Student presentation on Yang Guifei (Chloe Powell)
Historian Natalie Davis: “Our goal is to understand the significance of the sexes, of gender groups in the historical past. Our goal is to discover the range in sex roles and in sexual symbolism in different societies and periods, to find out what meaning they had and how they functioned to maintain the social order or to promote its change.”—Natalie Zemon Davis, “Women’s History in Transition: The European Case,” Feminist Studies, 3 (Winter 1975-76), 90.
Gender in China
One pattern that repeats itself in relation to the study of gender and sex is the notion of binaries. China is no exception, and the male/female split is reproduced through at least two other important dichotomies:
Separately but relatedly, there are common tropes of elite positioning and imperial intrigue, namely:
Gender in Yang Guifei's story
All of the above factors collide in the story of Wu Zhao’s grandson, the Emperor Xuanzong (玄宗), whose “long reign, from 712 until 756, marked both the high point of Tang power and Tang culture as well as the dramatic beginning of a long and tortuous period of decline. In the early years of his reign, Xuanzong seemed to embody all the virtues of a great Chinese emperor, a philosopher-king who was both a conscientious administrator and a brilliant intellectual. Xuanzong’s court became the center of high culture in the mid-Tang. He established schools and libraries, presided over elaborate and beautiful state ceremonies, and patronized poets and artists, all without forgetting his duties in setting fair taxes, keeping government expenses under control, and maintaining social order and peace on the borders.” —Paul S. Ropp, China in World History (New York: Oxford University Press, 2010), 59-60.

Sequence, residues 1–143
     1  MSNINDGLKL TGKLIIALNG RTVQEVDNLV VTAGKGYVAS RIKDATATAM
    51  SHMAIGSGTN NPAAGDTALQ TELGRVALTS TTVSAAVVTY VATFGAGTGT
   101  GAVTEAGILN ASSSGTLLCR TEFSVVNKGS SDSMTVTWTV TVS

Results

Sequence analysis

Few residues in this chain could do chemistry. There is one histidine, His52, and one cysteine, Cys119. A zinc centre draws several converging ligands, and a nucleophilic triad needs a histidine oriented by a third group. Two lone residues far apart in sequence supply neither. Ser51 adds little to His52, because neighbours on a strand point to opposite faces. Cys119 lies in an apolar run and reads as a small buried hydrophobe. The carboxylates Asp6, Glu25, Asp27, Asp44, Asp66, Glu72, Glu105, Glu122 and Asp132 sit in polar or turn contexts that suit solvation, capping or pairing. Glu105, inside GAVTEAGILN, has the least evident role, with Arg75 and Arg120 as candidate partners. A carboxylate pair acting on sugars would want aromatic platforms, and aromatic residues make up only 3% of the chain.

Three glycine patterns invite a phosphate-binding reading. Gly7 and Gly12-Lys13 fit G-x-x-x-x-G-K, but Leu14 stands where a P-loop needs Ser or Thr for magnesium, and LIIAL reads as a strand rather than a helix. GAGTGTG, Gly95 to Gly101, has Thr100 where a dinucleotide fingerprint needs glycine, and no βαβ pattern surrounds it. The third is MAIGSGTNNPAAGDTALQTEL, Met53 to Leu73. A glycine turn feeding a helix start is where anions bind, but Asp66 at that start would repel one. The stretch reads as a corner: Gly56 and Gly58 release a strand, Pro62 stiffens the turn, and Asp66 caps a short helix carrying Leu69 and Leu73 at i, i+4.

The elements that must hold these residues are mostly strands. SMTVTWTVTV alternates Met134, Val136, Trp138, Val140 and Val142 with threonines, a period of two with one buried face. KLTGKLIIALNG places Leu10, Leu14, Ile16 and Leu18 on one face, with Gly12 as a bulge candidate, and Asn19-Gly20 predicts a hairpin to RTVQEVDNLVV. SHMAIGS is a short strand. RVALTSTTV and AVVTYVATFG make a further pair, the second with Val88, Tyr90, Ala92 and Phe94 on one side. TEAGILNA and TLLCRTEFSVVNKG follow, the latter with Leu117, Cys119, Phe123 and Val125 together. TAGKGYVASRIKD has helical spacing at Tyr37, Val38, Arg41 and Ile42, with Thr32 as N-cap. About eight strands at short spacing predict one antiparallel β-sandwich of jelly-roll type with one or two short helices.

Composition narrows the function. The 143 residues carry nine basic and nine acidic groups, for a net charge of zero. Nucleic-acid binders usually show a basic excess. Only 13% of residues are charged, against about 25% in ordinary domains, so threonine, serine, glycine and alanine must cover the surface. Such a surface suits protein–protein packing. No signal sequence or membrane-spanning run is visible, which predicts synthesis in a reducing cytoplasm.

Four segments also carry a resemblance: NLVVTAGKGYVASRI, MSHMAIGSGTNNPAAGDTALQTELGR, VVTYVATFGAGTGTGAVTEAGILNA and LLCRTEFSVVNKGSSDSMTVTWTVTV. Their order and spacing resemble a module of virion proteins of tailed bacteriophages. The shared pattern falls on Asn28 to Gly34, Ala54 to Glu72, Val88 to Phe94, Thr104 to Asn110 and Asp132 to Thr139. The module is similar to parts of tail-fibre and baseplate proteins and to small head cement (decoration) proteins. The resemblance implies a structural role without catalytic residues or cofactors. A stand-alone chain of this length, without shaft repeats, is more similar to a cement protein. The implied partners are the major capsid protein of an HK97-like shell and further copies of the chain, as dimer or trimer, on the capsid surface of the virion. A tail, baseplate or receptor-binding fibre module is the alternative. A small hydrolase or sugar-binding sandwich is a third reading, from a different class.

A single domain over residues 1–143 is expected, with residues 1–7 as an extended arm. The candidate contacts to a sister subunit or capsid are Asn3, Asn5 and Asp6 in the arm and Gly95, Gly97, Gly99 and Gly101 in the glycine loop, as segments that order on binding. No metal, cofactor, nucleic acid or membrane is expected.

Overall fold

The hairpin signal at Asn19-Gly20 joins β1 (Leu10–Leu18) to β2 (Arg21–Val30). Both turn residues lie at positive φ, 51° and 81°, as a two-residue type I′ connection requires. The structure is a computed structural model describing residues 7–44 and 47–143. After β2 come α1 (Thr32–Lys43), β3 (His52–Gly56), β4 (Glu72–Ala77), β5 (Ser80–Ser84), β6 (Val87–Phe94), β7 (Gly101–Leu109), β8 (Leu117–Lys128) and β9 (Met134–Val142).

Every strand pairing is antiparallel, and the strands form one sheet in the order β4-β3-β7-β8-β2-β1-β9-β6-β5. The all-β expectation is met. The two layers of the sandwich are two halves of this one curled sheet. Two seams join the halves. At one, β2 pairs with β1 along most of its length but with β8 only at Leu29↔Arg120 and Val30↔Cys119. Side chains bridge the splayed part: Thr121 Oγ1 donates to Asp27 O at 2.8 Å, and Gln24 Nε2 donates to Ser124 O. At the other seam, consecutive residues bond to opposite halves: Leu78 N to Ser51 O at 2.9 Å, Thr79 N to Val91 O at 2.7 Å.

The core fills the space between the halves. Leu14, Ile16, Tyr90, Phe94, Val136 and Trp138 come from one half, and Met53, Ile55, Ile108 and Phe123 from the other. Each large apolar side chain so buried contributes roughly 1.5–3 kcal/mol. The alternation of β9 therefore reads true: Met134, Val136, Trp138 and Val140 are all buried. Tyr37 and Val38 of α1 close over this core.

So what changed? The An Lushan Rebellion broke out (755-763):
What did Yang Guifei have to do with this?
“Clearly Yang Guifei’s is a myth of womanhood that conflates the collapse of the empire with the sexual fall of the ruler, comparing the seductive powers of a woman to the treacherous powers of a general, and rendering the narration of the dynastic cycle in sexualized and even romantic language. Many historians, in fact, locate the major turning point in Chinese history at precisely this moment in time, the outbreak of the rebellion of An Lushan, placing Yang Guifei at history’s linchpin.”—Susan Mann, “Presidential Address: Myths of Asian Womanhood,” The Journal of Asian Studies 59, no. 4 (2000), 835-62.
As far as I know, if there had been a standard tune to accompany “The Song of Lasting Regret” (長恨歌) by Bai Junyi (白居易), it has been lost through time. However, YouTube contributors are doing their best to recreate the feel. Let’s listen to about a minute of the opening lines.
Next, take a moment to process what you have heard from Chloe and from me. Review the poem with a peer to:
Finally, we will return around the table to consider these questions together and further explore the broader theme:
Homework: Assignment #404